In Lebanon, revolution soothes a depressed nation
Driven by overlapping layers of a deteriorating economy, a failed political class, decades of corruption and widespread inequality, the nation has acted relentlessly; taking to the streets, showing up at politicians' houses, and reclaiming public spaces.
It has been an overwhelming experience restoring our sense of citizenship and shared political responsibility to make our voices heard. The politicians have - as expected - acted like text-book dictators, using violence, oppression and counter-narratives to silence and threaten us.
Nevertheless, each day we surprise ourselves repeatedly when we show up not only against the ruling thugs, but also for each other.
Like hundreds of thousands of folks in this country, I have been battling depression, and trying to push through these past few months. I do realise that I am one of the more privileged, not to have to worry about food or a roof over my head.
Still, while the months leading up to the protests were tough, this revolution has emerged as the only way to fight depression. In many ways, it is a revolution against depression and surrender.
Here is how and why our revolution is the only mechanism and way out of depression.
An opportunity to speak out
In the months leading up to the protests, increased censorship and threats against freedom of speech were widespread.
We worried whenever we posted anything on social media, and we lowered our voices when we mentioned certain names in public.
The protests made cursing politicians into a national anthem. We shouted out their names, all of their names, with no fear because not only we were many, but also we were rightful in our accusations. There are no taboos in a revolution, and no politician is sacred.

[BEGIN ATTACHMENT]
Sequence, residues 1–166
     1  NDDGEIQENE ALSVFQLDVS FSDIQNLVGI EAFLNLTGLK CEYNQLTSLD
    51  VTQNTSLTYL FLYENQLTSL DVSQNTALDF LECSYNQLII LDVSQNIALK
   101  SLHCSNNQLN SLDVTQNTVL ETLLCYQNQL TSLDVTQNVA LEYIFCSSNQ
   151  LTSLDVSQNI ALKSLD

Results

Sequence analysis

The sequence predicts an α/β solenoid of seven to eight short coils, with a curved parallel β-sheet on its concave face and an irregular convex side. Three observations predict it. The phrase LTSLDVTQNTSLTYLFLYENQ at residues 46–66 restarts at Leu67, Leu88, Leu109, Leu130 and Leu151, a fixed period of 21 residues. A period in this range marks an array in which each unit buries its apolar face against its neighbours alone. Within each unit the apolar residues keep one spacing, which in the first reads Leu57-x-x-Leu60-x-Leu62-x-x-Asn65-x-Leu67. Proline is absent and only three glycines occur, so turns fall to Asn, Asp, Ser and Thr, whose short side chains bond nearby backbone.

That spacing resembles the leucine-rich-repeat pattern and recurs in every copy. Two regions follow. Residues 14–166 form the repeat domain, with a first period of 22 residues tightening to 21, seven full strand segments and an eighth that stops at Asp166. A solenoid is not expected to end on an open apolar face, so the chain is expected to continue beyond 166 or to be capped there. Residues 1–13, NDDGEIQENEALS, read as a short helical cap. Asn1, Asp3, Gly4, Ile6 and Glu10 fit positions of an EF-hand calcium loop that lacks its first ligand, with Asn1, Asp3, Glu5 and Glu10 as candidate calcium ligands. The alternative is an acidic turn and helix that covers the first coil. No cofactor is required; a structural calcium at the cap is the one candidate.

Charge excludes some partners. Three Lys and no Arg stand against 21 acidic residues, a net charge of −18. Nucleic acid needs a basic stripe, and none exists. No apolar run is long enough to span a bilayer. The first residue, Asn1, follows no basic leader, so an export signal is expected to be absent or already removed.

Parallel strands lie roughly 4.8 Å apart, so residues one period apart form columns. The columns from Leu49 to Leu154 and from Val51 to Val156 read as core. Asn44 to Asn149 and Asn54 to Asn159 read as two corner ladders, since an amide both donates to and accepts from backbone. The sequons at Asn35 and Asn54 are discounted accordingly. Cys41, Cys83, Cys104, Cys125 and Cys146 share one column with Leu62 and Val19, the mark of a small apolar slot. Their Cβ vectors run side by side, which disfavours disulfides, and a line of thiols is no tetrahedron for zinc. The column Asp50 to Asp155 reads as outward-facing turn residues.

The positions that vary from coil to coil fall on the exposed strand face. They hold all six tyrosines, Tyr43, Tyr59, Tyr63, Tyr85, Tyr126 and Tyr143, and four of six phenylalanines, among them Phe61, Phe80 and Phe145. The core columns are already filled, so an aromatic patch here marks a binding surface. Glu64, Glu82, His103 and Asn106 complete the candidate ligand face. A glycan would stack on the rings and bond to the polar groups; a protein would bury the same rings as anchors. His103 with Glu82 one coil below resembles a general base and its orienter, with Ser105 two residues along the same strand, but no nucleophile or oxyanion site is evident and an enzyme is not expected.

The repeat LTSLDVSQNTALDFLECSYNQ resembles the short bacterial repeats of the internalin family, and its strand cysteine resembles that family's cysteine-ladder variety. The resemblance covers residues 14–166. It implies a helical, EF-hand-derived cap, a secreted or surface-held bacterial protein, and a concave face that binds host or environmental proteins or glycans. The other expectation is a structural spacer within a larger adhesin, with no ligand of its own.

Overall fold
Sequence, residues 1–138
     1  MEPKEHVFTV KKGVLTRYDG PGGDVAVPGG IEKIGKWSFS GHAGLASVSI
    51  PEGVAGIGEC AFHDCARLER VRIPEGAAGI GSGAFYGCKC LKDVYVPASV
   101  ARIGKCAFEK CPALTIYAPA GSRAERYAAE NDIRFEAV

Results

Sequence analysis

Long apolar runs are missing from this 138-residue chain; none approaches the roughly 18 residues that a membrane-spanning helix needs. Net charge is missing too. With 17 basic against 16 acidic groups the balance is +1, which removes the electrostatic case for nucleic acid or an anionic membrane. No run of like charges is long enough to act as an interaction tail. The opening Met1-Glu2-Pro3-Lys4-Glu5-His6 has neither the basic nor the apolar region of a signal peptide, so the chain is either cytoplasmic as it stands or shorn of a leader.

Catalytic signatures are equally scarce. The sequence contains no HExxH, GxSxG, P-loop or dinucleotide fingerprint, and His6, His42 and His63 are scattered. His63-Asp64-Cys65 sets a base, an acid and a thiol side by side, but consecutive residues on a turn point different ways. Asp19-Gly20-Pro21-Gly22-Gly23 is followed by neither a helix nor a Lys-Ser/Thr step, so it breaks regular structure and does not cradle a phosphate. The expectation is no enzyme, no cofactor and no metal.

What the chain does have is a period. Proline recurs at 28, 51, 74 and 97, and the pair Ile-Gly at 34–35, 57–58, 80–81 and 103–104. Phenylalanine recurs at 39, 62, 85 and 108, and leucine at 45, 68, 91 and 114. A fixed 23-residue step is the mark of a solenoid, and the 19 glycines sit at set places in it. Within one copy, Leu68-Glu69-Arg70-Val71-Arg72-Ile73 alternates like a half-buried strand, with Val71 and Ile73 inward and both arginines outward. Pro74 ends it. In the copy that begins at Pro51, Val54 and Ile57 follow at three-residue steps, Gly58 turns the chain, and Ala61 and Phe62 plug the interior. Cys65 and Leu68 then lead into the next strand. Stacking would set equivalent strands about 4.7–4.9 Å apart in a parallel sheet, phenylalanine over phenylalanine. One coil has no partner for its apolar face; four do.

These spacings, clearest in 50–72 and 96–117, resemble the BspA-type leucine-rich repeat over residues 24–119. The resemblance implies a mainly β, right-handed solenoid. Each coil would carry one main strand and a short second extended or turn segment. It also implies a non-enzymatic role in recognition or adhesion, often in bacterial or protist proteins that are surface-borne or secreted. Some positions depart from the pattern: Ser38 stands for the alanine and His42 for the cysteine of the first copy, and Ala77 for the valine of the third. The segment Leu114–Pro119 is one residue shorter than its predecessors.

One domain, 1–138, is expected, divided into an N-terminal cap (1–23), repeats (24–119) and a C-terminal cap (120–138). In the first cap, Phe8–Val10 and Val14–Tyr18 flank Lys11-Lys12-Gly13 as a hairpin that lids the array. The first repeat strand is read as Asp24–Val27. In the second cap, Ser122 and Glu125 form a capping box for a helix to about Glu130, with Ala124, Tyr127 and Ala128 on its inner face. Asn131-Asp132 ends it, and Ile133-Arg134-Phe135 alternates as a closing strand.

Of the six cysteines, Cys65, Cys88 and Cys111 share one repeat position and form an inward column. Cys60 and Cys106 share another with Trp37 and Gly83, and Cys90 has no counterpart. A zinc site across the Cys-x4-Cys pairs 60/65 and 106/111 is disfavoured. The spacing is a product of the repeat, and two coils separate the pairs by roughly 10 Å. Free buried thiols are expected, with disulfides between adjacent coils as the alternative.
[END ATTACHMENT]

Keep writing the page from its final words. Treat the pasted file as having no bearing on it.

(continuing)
We stand against a handful of men who divided power among themselves after the Taif agreement, promised us reform and prosperity. Instead, they delivered garbage to our doorsteps, cancer to our children, and finally teamed up with the banks control our money.
There is no better antidote to repression than speaking out.
During the protests, I saw faces I did not know but felt in unity with. I would do anything to protect their right to speak out. We showed up at the police stations when young men were arrested for supposedly cursing public officials, we waited for hours in the rain for the release of young men who we had never even met.
This was a revolution against self-censorship and for the right of everyone to speak out against everyone. This has never happened in Lebanon's history. Episodes of various protests and mobilisation were always led by one party against the other, and one leader against a cause.
But finding a unified cause - blaming all the politicians ('kellon yaaneh kellon') - for leading us to where we are now, is unprecedented, and the opportunity to be part of it not only battles depression but replaces it with a sense of hope and determination.